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New Charter High School in Corliss High Building Gets Community Support

By Wendell Hutson | February 25, 2014 9:26am
 The building that has housed George H. Corliss High School in Pullman since 1975 now shares the building with Pullman College Prep.
Butler College Prep
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PULLMAN — Denise Washington has lived in Pullman for three years and said she's happy to see a new public high school available for local students.

The 33-year-old single mother of two said she plans to send her two small children to Pullman College Prep when they graduate from elementary school.

"I like having a school within walking distance from my home. Since the school opened up across the street I have not noticed any changes as far as the way the kids act," Washington said. "I hope the school is still here by the time my kids go to high school."

Washington, who lives in the 10300 block of South Corliss Avenue, said her two children attend nearby Wendell Smith Elementary School, 744 E. 103rd St.

Pullman, a charter school that opened August, has 100 freshmen and plans to add one grade each year for the next three years, said Angela Montagna, a spokeswoman for Noble Network of Charter Schools.

Clarence Webb has lived in Pullman since 1965 and said he remembers signing a petition in 1975 that asked residents to support the creation of George H. Corliss High School, 821 E. 103rd St. His son and three grandkids attended Corliss.

"I also signed a petition to have the Wendell Smith School built at the corner too," recalled Webb, 68. "But as far as how the Corliss kids act now that another school is in the building, I'd say sometimes they are rowdy and sometimes they are all right."

James Johnson, 32, moved to Pullman in January and lives across the street from Corliss. He said as far as he can see "everyone gets along OK."

But Edward Ford, a Corliss alumnus, said he is opposed to any school operating inside his alma mater.

"I don't like it at all. That's my school. I think this new school will force Corliss out. I am a true blue Corliss Trojan, and I don't understand why Corliss allowed this to happen," said Ford, 46. "Corliss is not a bad school, but something should be done to make a way for neighborhood schools like Corliss to stay open."

And if Corliss should ever close, Ford said it would be a blow to the neighborhood.

"For the last three years we have had an all-class reunion picnic, and it would be a shame if that tradition couldn't continue with new students," added Ford.

The building that houses Corliss and Pullman is 120,000 square feet, and the charter school occupies about 45,000 square feet with "no plans to expand," Montagna said.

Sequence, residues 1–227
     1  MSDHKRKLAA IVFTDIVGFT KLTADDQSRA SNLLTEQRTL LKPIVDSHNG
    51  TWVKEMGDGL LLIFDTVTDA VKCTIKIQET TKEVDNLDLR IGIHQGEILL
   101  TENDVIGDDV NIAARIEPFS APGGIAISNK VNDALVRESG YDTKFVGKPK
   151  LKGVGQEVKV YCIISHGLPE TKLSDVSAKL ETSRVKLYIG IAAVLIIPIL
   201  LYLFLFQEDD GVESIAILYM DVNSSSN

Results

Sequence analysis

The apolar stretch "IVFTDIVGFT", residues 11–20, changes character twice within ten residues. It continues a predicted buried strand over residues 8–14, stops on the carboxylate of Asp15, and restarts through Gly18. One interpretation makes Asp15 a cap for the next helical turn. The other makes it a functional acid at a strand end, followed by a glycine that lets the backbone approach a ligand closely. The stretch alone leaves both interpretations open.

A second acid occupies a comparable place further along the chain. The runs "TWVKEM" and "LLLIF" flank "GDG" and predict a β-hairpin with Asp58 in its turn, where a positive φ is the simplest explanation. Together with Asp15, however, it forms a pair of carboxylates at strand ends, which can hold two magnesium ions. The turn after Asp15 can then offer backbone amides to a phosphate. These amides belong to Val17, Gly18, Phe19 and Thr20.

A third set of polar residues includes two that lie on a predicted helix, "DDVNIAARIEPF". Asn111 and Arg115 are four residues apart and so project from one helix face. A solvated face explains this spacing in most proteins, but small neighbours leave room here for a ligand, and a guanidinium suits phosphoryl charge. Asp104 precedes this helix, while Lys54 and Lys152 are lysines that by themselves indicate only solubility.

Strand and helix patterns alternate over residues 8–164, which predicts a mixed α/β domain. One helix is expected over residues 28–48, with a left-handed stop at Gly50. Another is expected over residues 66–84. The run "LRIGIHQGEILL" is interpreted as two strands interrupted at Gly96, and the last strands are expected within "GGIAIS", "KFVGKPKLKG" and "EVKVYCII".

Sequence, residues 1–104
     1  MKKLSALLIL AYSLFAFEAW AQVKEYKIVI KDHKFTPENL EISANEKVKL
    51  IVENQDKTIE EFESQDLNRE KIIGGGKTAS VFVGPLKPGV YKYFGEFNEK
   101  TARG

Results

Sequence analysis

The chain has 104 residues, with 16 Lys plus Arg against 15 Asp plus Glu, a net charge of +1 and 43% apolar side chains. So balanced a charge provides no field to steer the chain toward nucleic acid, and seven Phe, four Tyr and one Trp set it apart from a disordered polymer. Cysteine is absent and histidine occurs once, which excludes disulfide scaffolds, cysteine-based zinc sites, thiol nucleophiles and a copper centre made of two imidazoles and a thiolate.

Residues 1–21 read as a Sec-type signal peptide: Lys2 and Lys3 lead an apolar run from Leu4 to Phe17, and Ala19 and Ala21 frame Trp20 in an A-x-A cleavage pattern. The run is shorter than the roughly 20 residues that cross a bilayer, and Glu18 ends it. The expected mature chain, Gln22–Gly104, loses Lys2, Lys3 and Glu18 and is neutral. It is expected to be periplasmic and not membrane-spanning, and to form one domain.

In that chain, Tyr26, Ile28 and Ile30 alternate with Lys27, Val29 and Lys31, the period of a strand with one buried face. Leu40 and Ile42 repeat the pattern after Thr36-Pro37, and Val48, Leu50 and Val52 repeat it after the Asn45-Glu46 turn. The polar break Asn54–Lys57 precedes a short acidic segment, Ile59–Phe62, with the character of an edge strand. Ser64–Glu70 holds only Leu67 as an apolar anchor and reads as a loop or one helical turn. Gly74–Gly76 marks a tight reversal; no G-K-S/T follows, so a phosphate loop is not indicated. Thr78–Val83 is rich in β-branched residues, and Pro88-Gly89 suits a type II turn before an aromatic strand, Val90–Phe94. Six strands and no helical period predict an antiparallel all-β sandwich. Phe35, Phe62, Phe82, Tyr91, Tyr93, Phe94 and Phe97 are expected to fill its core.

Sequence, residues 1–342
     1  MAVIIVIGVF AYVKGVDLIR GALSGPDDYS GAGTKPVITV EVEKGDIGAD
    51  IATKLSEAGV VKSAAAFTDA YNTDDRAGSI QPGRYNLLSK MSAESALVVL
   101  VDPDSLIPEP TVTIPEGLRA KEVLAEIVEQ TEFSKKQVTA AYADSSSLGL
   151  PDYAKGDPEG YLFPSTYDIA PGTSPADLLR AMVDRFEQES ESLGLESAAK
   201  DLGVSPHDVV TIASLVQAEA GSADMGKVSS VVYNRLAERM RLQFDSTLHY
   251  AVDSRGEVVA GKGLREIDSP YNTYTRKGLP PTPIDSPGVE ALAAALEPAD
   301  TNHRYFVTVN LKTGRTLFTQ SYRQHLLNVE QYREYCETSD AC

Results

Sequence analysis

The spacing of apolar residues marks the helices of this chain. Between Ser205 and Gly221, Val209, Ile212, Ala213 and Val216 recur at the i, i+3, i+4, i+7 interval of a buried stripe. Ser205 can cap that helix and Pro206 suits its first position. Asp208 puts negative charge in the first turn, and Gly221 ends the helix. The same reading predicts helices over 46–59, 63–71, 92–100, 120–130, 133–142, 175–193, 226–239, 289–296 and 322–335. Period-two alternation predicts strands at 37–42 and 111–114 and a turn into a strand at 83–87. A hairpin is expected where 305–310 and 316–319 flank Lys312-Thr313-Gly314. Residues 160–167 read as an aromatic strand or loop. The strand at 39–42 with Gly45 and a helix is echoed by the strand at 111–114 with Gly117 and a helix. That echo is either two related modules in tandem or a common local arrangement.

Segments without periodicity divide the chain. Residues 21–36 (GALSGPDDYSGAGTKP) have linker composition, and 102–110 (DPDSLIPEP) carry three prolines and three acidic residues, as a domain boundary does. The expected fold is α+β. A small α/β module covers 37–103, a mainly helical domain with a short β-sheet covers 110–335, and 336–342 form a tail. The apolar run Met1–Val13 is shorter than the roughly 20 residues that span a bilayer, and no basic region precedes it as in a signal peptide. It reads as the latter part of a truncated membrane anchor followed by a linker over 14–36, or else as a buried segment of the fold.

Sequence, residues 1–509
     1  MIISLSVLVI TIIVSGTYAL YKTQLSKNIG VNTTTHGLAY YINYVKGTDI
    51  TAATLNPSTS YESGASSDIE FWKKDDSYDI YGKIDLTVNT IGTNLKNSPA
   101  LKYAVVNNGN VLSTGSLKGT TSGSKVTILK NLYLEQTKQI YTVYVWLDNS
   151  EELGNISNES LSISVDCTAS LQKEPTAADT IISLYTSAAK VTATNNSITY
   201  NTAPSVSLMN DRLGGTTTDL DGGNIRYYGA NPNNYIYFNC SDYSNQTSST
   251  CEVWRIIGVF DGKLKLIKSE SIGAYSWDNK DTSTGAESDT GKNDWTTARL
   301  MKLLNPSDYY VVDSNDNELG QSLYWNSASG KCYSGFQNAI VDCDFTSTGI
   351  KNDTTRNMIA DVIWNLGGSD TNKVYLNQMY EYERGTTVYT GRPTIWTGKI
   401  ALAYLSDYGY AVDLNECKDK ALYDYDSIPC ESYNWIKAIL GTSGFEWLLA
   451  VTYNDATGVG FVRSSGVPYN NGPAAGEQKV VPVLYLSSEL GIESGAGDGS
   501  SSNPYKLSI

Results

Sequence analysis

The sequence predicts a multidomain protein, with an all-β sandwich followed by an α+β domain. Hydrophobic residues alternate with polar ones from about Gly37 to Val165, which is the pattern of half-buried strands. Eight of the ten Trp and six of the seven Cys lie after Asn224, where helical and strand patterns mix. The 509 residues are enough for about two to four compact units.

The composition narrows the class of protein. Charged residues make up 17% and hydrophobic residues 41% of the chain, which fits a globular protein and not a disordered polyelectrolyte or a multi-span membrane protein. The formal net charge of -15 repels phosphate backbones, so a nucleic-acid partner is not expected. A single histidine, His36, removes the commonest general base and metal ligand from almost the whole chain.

The entrance for Pullman is adjacent to the Corliss entrance and across the street from the A. Philip Randolph Pullman Porter Museum.

The Chicago Public Schools agreed to let the charter school share the Corliss building due to low enrollment at the high school, CPS spokeswoman Jamila Johnson said.

"Enrollment at Corliss had dropped significantly over a six-year period and was projected for further decline. This year, Corliss' 20th-day enrollment was 497," Johnson said.

Even Ald. Anthony Beale (9th), a Corliss alumnus whose ward includes the school building, said declining enrollment had forced "some creative ways to keep it open."

But housing charter schools inside neighborhood school buildings is nothing new for CPS.

In Englewood, Urban Prep Academy High School and Team Englewood High School share the same building.

"CPS has used the co-location model previously to find facility solutions for charter schools. This model helps efficiently use space in a school that is underutilized, or has excess space for the number of students who currently attend the school," said Johnson.

And although its official name is Pullman College Prep, the school was renamed Butler College Prep, with signs inside and outside the building displaying the new name.

"The school is named for John and Alice Butler of Dubuque, Iowa. They were interested in investing in a school to improve educational options for students in Chicago and chose Butler College Prep," Montagna said.

But the Chicago Board of Education hasn't approved the name change.

"Noble has put in a request for a name change, but the board has yet to approve it," Johnson said. "We were unaware that Noble had already changed the name."

Montagna said the school chose not to wait for the School Board's vote because it did not want to confuse parents.

"As we are working to establish a new school within a community, we want to be sure the community is familiar with the permanent name of the school," Montagna said.